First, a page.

A local authority has a good range of opportunities to generate revenue and needs to make full use of them to manage the pressure on resources. The options include using charging powers, setting up companies to trade commercially and making full use of the revenue potential of their land.
If a local authority is providing discretionary services or is in a position to start doing so, it should consider using the charging power in section 93 of the Local Government Act 2003. This gives local authorities the power to charge for services which they have a power but not a duty to provide. The level of income is restricted to the amount it costs to provide the services.
However, local authorities are not constrained as to how they calculate costs, so they can include the full cost of all aspects of service provision. This means that they can take the opportunity to invest in the infrastructure for services and recover the costs through charging.
Differential charging is permitted, so local authorities can use the power to bring in income from those who it believes are in the best position to pay, whilst providing services at a lower cost or no cost to people who need the services but are not so well placed to pay for them.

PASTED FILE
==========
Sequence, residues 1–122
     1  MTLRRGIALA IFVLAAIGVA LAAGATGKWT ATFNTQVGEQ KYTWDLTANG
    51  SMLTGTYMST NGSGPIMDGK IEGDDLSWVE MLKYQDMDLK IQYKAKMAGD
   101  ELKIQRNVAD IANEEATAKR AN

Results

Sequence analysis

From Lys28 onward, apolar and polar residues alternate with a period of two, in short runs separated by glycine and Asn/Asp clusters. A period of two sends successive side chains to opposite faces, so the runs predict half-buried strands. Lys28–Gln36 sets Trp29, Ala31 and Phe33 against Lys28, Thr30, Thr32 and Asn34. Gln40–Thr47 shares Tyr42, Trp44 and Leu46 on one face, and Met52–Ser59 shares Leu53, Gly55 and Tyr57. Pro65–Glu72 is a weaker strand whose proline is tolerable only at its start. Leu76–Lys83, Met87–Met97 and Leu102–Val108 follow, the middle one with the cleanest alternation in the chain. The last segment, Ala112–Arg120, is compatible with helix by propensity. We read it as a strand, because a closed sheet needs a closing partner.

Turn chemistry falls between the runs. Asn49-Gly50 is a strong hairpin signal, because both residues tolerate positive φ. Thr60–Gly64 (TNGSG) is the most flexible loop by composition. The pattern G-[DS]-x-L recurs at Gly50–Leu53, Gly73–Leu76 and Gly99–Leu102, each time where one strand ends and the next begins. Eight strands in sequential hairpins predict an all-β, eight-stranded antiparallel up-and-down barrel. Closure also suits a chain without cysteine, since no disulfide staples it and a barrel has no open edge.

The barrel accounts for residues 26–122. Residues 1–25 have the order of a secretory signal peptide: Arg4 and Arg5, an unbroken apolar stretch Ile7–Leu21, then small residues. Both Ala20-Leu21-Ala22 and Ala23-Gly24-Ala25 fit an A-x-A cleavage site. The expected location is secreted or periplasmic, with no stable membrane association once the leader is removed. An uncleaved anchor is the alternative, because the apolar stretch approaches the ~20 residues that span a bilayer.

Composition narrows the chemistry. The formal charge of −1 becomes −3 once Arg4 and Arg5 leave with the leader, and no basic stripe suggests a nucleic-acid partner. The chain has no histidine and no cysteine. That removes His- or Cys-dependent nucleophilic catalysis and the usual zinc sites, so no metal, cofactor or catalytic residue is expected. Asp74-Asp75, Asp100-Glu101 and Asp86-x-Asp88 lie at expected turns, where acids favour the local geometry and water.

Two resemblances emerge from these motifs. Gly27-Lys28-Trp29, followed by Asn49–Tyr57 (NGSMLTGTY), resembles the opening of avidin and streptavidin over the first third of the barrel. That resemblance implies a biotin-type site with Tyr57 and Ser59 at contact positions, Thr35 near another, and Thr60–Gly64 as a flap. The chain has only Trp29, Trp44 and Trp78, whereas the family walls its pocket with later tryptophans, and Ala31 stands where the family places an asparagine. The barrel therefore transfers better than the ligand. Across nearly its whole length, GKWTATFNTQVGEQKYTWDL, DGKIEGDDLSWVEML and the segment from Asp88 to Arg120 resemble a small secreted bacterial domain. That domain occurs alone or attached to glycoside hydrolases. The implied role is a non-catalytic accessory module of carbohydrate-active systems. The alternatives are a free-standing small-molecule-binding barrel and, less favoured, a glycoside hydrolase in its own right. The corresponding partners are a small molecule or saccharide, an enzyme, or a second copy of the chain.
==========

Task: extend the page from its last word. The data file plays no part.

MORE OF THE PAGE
The charging power in section 93 of the Local Government Act 2003 is additional to powers which allow local authorities to charge for specific facilities, for example section 19 of the Local Government (Miscellaneous Provisions) Act 1976 which gives them power to provide recreational facilities and to charge for these.
The UK Government is currently consulting on proposals for the secretary of state to use powers to limit or repeal charging powers to prevent local authorities from charging for the use of parks for parkruns. It is also proposed to prevent them from using the general power of competence to charge for parkruns. The calling of a general election means that change in legislation is unlikely to happen soon but local authorities should be alert to any potential reduction in their charging powers.
Trading powers allow local authorities to trade commercially but there are strict requirements affecting the use of these. Section 95 of the Local Government Act 2003 and the Local Government (Best Value Authorities) (Power to Trade) (England) Order 2009 allow a local authority to do for commercial purposes anything which it has the power to do in carrying on any of its ordinary functions.
However, that power must be exercised through a company. Before exercising the trading power, a local authority must prepare and approve a business case which sets out the objectives of the business, the investment and other resources required to achieve the objectives, the risks the business might face, the financial results of the business and any other relevant outcomes. If the authority provides any resources to the company, such as accommodation, staff or services, it must recover the cost of these.